Social Science

Books on the History of Race Relations

We have all heard the news, read the stories, watched the footage—America has reached a crossroads on racial injustice. The path forward may be challenging, but as a contributor to the global understanding of human affairs, we hope our books will help inform the public consciousness and promote tolerance for

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A Matter of Dignity

Donna Hicks— Like so many of us, I am deeply saddened and outraged by the brutal killing of George Floyd by members of the Minneapolis police. The jaw dropping video showing the fatal actions of Derek Chauvin, while George pleaded for his life, were beyond comprehension. What happened to Derek

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The Moment of Parallel Emancipations in Jamaica

Stanley Mirvis— Thirteen years ago, Yale’s Center for British Art, in collaboration with the Institute of Jamaica Museum, commemorated the bicentennial of the abolition of the slave trade with an exhibition focused on the 1834 emancipation of slaves. The exhibit centered on the work of the Jamaican artist Isaac Mendes

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Fake News, Then and Now

Tracy Campbell— In his first fireside chat after Pearl Harbor, President Roosevelt urged Americans “to reject all rumors,” noting that “these ugly little hints of complete disaster fly thick and fast in wartime.” By summer 1942, FDR knew that executive admonishments had failed to curb the avalanche of false information

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Infants and Language Learning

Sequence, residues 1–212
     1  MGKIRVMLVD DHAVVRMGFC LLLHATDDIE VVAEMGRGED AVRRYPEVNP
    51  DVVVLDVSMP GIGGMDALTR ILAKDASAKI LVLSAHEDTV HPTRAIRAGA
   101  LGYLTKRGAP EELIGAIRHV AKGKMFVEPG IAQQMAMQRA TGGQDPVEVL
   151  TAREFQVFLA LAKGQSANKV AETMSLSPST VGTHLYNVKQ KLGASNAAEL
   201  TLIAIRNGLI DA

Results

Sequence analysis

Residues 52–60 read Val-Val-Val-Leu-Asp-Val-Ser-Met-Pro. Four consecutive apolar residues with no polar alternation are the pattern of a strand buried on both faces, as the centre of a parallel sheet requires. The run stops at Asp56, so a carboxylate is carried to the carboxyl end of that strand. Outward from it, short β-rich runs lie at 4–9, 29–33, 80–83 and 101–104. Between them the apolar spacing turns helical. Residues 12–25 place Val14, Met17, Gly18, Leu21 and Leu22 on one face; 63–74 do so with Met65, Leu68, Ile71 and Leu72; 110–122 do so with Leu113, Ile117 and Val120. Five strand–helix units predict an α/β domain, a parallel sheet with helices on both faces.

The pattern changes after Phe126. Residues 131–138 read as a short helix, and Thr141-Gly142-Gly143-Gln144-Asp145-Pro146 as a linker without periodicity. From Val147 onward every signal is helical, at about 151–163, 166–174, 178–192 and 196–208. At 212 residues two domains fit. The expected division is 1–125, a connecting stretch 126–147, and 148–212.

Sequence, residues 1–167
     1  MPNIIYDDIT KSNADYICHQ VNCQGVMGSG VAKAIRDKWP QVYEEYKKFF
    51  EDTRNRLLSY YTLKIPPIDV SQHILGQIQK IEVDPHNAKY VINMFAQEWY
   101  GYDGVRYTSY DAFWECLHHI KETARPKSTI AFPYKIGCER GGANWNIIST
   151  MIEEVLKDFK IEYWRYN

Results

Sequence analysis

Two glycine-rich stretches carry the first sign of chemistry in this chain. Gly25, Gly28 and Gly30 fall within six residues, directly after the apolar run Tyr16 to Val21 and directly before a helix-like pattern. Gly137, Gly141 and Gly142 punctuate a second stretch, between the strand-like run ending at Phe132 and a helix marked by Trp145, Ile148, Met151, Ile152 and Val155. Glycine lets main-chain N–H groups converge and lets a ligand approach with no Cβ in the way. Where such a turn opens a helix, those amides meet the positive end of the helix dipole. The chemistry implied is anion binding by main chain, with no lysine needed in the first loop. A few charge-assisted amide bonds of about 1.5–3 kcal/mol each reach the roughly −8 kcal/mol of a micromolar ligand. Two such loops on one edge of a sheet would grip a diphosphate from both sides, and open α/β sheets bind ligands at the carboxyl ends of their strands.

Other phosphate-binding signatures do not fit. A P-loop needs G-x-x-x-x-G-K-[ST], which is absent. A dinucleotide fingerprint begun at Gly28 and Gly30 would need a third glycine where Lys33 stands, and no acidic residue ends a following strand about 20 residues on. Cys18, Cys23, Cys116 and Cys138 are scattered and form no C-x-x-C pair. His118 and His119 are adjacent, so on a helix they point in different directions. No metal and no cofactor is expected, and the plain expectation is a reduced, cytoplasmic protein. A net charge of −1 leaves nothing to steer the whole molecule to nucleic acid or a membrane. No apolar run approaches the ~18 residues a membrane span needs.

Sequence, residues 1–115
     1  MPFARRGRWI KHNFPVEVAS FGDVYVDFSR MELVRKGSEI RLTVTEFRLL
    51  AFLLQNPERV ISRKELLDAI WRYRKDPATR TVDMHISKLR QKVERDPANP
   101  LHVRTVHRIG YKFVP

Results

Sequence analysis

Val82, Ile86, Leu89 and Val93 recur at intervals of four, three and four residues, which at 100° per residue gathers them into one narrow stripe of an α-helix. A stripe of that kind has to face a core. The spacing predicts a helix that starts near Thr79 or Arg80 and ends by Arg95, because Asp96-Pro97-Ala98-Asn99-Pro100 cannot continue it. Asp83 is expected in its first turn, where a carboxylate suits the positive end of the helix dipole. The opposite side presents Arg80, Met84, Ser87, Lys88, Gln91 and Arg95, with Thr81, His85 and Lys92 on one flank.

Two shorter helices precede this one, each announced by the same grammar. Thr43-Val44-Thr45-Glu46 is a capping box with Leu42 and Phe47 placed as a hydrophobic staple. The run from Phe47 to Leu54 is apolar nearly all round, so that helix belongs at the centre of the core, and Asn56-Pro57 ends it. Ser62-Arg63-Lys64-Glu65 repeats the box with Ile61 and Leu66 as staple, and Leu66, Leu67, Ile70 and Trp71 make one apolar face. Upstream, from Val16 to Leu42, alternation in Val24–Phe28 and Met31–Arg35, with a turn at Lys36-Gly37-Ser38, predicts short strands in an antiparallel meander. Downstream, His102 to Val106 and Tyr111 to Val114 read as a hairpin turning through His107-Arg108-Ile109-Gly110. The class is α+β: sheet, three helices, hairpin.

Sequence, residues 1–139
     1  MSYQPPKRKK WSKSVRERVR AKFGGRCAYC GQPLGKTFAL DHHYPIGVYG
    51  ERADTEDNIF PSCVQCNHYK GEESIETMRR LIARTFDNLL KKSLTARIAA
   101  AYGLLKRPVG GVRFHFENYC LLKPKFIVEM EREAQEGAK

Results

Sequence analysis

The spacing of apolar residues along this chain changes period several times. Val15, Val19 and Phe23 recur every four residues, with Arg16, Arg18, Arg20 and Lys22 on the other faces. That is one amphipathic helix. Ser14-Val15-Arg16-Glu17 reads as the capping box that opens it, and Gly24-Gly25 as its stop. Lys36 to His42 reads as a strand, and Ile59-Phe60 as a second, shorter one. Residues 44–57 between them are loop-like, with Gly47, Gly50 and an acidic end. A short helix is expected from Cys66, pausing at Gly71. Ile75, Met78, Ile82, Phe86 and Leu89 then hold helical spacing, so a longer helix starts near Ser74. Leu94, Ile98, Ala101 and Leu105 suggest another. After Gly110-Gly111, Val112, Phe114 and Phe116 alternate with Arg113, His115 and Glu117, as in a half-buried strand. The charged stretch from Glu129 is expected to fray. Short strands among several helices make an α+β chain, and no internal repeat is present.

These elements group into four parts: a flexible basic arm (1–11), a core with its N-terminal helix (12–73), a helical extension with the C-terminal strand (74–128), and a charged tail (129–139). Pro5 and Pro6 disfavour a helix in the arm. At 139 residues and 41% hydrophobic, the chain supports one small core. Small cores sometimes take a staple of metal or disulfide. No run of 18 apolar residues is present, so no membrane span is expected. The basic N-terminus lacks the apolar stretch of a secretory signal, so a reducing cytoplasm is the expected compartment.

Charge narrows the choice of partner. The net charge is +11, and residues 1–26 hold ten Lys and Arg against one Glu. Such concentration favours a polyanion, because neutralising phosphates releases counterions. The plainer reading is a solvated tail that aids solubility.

Marek Kohn— Amnesia inclines us to assume that entry into language is painless, as does the apparent ease with which children typically become speakers. But many if not most skills require struggle to acquire, even if they seem effortless once mastered. We take language to be one of the most

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Because You Just Can’t Stop Reading the News

We get it. It’s tough to unplug from the current news cycle. If you’re looking for a deeper dive into topics around COVID-19 and beyond, we’ve got you covered (with a little bonus on the power of solitude snuck in just because). A “brilliant and sobering” (Paul Kennedy, Wall Street Journal)

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Our Altered Sense of Time in a Bewildering Pandemic

Joseph Mazur— Our real world is now a setting that was once just a fantasy in the minds of futurist science fiction writers. For decades it was an inevitable scene that loomed largely in the opinions of our leading infectious disease experts, but in early January U.S. intelligence agencies predicted

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Competition, Cooperation, and COVID-19

Mark Bertness— Microbial pathogens and diseases were our first and are our oldest enemies. They are a direct threat to human survival. COVID-19 and HIV/AIDS are familiar reminders of how pathogenic pandemics can threaten humanity. These are not exceptions in the human experience; they are the rule. Pathogens are formidable

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The New Populism

William A. Galston— Because populism embraces the republican principle of popular sovereignty, it faces the question inherent in this principle: Who are the people? Historically, right-leaning populists have emphasized shared ethnicity and common descent, while left-leaning populists have often defined the people in class terms, excluding those with wealth and

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Dignity in the Time of COVID-19

Donna Hicks— If there is anything that is clear about the coronavirus, it is that it doesn’t differentiate; not between Republicans and Democrats, North Americans and Europeans, Asians and Africans—all of us who consider ourselves human beings are vulnerable to its potentially lethal threat. I have observed a few interesting human

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